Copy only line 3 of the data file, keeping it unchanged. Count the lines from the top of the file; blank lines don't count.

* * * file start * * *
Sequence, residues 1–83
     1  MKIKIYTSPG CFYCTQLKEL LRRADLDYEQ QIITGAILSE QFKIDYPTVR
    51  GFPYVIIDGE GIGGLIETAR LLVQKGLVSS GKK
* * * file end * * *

    51  GFPYVIIDGE GIGGLIETAR LLVQKGLVSS GKK